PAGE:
Is the Overseas bill the end of Nuclear Veterans claims in the UK?

Johnny Mercer, who was involved in a tense exchange with Charles Byrne, who was giving evidence at the committee stage.

As part of the Overseas bill, the six-year long-stop restricts the ability of the armed forces personnel to being a civil claim against their employer. Charles Byrne, Director General of the Royal British Legion has raised concerns that it is a breach of the Armed Forces Covenant.

Alan Owen, founder of LABRATS has written to Mr Mercer on the 23th September expressing his concern that the vast majority of nuclear test veterans do not manifest injuries for decades. The nature of radiation injury means it invisibly alters cellular DNA. If radioactive particles are ingested this may be at a slow but steady rate for many years, with minor ailments leading eventually to a dramatic diagnosis and eventually death.

Ceri McDade, Chairman of the BNTVA, also has written to Mr Mercer to express the BNTVA's concerns, requesting an amendment to the bill on 24th September 2020.

The main concern for the Nuclear Veterans is the inclusion of a 6 year claim against the government. This will make it impossible for the veterans to claim war pensions. Mr Mercer claims that the legislation is limited to 6 years from point of knowledge of injury, so it does not cause a problem.

However, in 2009, the High Court case of 1000 veterans was fought and eventually lost. It was lost on the same issue. The MoD argued that some of the veterans 'knew' they were ill when they joined the BNTVA in the 1980s, when it began campaigning. Others 'knew' when they first fell ill and wondered IF there was a link. The claimants argued they could have knowledge only when a doctor confirmed a possible link many years later.

It is also worth bearing in mind the declassification of documents decades after historical events may provide evidence not previously available to support such claims, but under the new legislation this may make them impossible to pursue.

Sue Davis, whose brother Anthony was also an RAF pilot, received a series of letters from the MoD written in 1964. He died from leukaemia 6 years after the tests. The MoD told her: "There are no other records of RAF personnel having suffered ill-effects from radiation during their service on Christmas Island." Documents proving EXACTLY that have since been declassified, and many forms of leukaemia now merit a war pension as a result.

In 1983 when Margaret Thatcher ordered the first study into the health claims of the veterans, Parliament was told there were 12,000 servicemen involved, as well as 1,500 civilians and 1,500 Australians. Since then the number of test participants confirmed by the MoD and used in the official NRPB studies has risen - to 22,347 in 1988; 21,358 in 1993; and 21,357 in 2003. The MoD has never explained how 15k participants shot up to 22k, or why they had not been found sooner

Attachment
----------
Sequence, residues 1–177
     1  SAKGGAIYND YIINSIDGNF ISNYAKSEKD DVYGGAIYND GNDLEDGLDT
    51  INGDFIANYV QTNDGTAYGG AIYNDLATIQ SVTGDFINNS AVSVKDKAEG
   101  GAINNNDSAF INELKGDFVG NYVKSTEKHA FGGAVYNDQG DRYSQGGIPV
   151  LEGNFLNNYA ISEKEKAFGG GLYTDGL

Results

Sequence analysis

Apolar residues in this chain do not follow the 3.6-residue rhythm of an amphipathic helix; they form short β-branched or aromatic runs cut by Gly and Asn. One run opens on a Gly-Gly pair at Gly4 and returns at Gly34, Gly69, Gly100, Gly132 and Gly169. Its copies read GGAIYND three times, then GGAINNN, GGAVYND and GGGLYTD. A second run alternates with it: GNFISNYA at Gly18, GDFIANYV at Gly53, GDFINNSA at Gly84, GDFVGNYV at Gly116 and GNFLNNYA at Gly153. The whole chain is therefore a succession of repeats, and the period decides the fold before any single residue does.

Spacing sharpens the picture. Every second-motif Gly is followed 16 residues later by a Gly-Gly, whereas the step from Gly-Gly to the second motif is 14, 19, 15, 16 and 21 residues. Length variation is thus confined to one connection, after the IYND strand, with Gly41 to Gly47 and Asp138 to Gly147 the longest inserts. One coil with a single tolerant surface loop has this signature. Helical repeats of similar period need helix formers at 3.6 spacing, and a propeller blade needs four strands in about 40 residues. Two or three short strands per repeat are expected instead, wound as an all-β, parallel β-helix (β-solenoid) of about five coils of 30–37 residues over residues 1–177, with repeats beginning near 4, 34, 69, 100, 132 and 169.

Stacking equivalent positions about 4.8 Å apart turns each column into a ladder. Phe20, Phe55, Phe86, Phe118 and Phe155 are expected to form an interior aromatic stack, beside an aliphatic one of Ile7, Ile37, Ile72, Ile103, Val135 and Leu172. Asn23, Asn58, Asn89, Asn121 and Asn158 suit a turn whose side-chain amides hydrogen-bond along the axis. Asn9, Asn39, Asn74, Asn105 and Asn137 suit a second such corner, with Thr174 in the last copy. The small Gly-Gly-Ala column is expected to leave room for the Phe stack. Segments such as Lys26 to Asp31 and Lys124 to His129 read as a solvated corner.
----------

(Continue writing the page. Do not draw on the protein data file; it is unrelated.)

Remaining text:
In 2018 documents were released from the Major years showing a discussion about a veteran called John Hall, who worked in decontamination at Christmas Island and later developed hairy cell leukaemia. Officials said it was a '1 in a million' chance this was linked to his service.  In 1999, a MoD official said of HMS Diana, a ship ordered to sail through a plume of fallout for two days: "The manner in which this ship was employed at these two tests has been studied and I can assure you that... due regard was show to the exposure of her crew to ionising radiation... in the event, doses to her crew were insignificant." BUT IN 2009, on the eve of the High Court case, the MoD for the first time admitted that 205 RAF air crew, 129 decontamination ground crew, the 282 crew of HMS Diana and about 1,300 others in specific operations WERE probably exposed to radiation. In all, about 10% of those at all the tests. 

Conclusion In summary, over the years the MoD evidence has changed, scientific knowledge has evolved, classified documents have been published, and even publicly-confirmed contamination levels at former test sites in Australia and elsewhere have changed significantly with further knowledge and investigation. In the case of likely radiation exposure, therefore, it is impossible - and deeply unjust - to limit claims to any 6 year period. 6 years from the blast would be just as limiting as 6 years from knowledge of injury, in the case of a veteran, as it may be 10 years or 20 years from that knowledge that science can prove it. For example, Brunel University is currently doing genetic testing of veterans and children to see if there is a link between the tests and birth defects. If one is found, no doubt the MoD would argue the veteran or child 'knew' there was an injury when they agreed to take part in the study, several years earlier, or soon after they were born. Yet if science can finally provide evidence of a link, those families would be denied not only an apology by the UK govt but also financial compensation for conditions which may be severely limiting. This bill needs amending. At the time of this blog, no response has been received from Mr Mercer. Please contact your MP and voice your objections to this bill, whilst the bill is welcome for vexatious claims against the veterans, the inclusion of the 6 year period allows the MoD to exclude the Nuclear Veterans from any claims.


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